Arctic Hero: the Story of Matthew Henson
In 1909 a black American explorer called Matthew Henson helped to discover the North Pole.
This story tells you how Matthew became an explorer and the dangers he faced in the bitter cold of the Arctic.
As a boy, Matthew always longed for adventure.
When he was about 12 years old, he ran away to sea. He joined a ship as a cabin boy, peeling potatoes and cleaning the decks.
When he left, at the age of 18, he had already travelled the world. Chapter 2
Matthew Meets Robert Peary
A few years later Matthew was working in a shop when he met an explorer called Robert Peary. Robert offered him a job, as his servant, working in the jungles of Central America. Matthew was keen to travel again, so he took the job.
While they were in the jungle, one of Robert’s survey team fell into some quicksand. Then man was so frightened, he left the expedition. Matthew asked if he could take over the man’s job, and he never worked as a servant again.
After working in the sticky heat of the jungle, Robert’s next trip was to the bitter cold of the Arctic. He asked Matthew to come with him as a member of his team.
He and Matthew then spent the next 18 years exploring the Arctic together.
Matthew in Greenland
They began by making several trips to Greenland, when the Inuit people helped them to learn the skills they needed to survive in the Arctic.
Matthew quickly learned to speak Inuit and became good friends with the people. They called him “ Matthew – the- kind - one”.
They learned how to fish for charr and hunt for seals.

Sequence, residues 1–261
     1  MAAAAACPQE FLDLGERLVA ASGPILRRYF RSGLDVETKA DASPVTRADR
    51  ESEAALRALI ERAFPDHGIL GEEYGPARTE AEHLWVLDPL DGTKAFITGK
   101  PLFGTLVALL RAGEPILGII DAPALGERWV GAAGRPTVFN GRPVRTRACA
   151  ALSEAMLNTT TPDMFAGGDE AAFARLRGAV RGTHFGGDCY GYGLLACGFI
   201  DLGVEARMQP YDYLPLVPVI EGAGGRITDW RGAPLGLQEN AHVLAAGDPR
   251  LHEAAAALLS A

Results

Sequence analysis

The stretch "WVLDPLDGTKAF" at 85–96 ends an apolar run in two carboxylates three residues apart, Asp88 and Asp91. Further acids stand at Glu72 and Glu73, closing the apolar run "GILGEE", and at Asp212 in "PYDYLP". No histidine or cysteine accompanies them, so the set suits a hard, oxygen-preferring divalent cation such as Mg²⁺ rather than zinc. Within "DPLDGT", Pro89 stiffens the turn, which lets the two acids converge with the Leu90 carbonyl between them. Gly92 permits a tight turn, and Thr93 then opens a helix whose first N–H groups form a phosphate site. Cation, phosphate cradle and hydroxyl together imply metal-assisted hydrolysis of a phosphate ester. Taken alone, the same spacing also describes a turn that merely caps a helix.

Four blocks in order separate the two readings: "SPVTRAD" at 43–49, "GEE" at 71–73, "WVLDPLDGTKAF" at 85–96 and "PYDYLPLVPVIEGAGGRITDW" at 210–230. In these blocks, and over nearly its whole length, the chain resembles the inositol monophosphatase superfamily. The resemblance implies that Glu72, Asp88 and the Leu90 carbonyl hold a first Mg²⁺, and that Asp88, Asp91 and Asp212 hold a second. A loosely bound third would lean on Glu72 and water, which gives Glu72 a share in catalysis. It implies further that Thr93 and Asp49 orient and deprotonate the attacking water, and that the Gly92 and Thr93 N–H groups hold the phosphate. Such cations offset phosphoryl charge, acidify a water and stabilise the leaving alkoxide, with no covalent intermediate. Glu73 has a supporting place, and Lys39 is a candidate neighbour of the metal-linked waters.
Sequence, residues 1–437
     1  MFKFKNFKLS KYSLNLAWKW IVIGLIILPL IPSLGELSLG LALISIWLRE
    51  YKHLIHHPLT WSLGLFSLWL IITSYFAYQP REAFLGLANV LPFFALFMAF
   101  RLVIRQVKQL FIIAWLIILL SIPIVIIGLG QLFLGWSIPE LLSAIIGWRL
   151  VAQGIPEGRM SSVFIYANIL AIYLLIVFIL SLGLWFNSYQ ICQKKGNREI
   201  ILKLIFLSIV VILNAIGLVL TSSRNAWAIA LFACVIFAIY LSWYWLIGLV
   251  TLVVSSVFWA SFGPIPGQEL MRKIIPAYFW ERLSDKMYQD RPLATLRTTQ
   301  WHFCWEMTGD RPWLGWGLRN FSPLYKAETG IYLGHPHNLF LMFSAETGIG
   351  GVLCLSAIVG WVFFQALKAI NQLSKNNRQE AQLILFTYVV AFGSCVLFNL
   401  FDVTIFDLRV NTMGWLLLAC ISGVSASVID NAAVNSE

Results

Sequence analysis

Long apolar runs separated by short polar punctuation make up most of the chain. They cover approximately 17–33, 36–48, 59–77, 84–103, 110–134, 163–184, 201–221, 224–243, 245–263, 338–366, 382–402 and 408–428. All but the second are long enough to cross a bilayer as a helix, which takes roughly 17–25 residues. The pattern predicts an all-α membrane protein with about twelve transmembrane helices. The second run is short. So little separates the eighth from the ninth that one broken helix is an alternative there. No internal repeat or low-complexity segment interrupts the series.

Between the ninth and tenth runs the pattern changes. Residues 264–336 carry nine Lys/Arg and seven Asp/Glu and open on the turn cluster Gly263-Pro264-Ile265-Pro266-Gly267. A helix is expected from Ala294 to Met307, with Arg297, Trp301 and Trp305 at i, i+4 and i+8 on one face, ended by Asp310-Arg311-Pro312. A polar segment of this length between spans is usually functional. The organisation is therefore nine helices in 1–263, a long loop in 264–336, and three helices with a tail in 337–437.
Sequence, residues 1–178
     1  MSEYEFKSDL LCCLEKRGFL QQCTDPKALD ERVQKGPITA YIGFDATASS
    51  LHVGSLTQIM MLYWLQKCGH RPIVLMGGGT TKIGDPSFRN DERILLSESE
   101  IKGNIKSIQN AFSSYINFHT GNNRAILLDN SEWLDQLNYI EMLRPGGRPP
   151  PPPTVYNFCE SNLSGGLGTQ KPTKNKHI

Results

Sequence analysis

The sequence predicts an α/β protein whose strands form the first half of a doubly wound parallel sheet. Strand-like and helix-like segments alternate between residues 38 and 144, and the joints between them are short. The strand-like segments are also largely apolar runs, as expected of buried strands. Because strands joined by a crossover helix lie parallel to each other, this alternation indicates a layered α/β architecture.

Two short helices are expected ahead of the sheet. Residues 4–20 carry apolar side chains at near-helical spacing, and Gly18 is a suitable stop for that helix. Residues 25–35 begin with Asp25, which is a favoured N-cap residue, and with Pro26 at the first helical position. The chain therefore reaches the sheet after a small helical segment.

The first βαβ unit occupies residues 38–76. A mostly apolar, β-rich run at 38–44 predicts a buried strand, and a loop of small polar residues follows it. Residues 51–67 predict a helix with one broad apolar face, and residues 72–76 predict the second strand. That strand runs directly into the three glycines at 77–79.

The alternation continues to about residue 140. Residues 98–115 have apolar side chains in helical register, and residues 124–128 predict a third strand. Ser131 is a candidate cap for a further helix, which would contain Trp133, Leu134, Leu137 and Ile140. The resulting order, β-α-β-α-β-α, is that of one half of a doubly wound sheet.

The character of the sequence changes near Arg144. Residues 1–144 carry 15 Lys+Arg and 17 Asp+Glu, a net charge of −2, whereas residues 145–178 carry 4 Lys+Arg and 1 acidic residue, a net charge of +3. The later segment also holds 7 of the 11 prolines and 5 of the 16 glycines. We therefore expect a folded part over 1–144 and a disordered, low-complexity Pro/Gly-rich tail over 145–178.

They learned to build igloos and make clothes and boots from animal skins.
An Inuit man fishing for charr. (match for a picture)
They also learned to build sledges and drive teams of husky dogs. In fact, Matthew soon became an expert sledge driver.
Matthew and Robert travelled across the unexplored ice fields in the north of Greenland. They made maps and helped to show that Greenland is an island. They also found three enormous meteorites.
A meteorite found by Matthew and Robert is now in the American Museum of Natural History. (Match a picture)
But even with the help from the Inuit, the Arctic was still a dangerous place for Matthew and Robert to be.
Once they were out hunting when a musk ox suddenly charged at Robert. Just in time, Matthew saved Robert’s life. He shot the ox with his last bullet.
Another time they were hundreds of miles from camp when they ran out food. They were cold and weak, and a man travelled with them was dangerously ill. In the end they had to eat their dogs or starve to death. Chapter 4
To the North Pole
Despite the dangers, Robert and Matthew bravely went back to the Arctic again. This time they wanted to do something no one had ever done before. They wanted to try to reach the North Pole. But on their first attempt Robert’s feet became badly frostbitten.
A frostbitten toe (match a picture)
Robert was in such pain that he couldn’t walk or even stand.
As soon as they could travel, Matthew strapped Robert to a sledge and rushed 250 miles to base camp, where there was a doctor. The doctor had to take off eight of Robert’s toes.
But still Robert and Matthew would not give up. Three more times they tried to reach the Pole.
Each time they got closer than before. But each time they were beaten
back by blizzards or melting ice.
One Last Chance
In 1908 Robert and Matthew sailed from New York to make their fifth attempt to reach the Pole. But they agreed, because of their age, that they would make this their last trip to the Arctic. This would be their last chance to reach the North Pole.